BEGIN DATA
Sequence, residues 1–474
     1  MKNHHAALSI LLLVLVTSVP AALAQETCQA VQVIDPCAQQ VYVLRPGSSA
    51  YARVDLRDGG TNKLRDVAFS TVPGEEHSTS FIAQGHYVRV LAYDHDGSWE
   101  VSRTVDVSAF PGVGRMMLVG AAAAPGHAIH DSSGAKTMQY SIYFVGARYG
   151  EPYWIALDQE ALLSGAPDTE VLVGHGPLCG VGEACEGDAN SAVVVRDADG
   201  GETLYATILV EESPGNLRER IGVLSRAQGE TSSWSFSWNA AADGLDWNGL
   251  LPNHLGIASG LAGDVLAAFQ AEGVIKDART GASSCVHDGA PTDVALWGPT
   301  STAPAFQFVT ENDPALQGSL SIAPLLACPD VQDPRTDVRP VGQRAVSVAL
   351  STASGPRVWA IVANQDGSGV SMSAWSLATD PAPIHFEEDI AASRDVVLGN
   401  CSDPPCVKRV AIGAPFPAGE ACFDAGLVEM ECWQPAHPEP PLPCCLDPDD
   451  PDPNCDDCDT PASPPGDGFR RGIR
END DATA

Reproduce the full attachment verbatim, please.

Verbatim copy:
Sequence, residues 1–474
     1  MKNHHAALSI LLLVLVTSVP AALAQETCQA VQVIDPCAQQ VYVLRPGSSA
    51  YARVDLRDGG TNKLRDVAFS TVPGEEHSTS FIAQGHYVRV LAYDHDGSWE
   101  VSRTVDVSAF PGVGRMMLVG AAAAPGHAIH DSSGAKTMQY SIYFVGARYG
   151  EPYWIALDQE ALLSGAPDTE VLVGHGPLCG VGEACEGDAN SAVVVRDADG
   201  GETLYATILV EESPGNLRER IGVLSRAQGE TSSWSFSWNA AADGLDWNGL
   251  LPNHLGIASG LAGDVLAAFQ AEGVIKDART GASSCVHDGA PTDVALWGPT
   301  STAPAFQFVT ENDPALQGSL SIAPLLACPD VQDPRTDVRP VGQRAVSVAL
   351  STASGPRVWA IVANQDGSGV SMSAWSLATD PAPIHFEEDI AASRDVVLGN
   401  CSDPPCVKRV AIGAPFPAGE ACFDAGLVEM ECWQPAHPEP PLPCCLDPDD
   451  PDPNCDDCDT PASPPGDGFR RGIR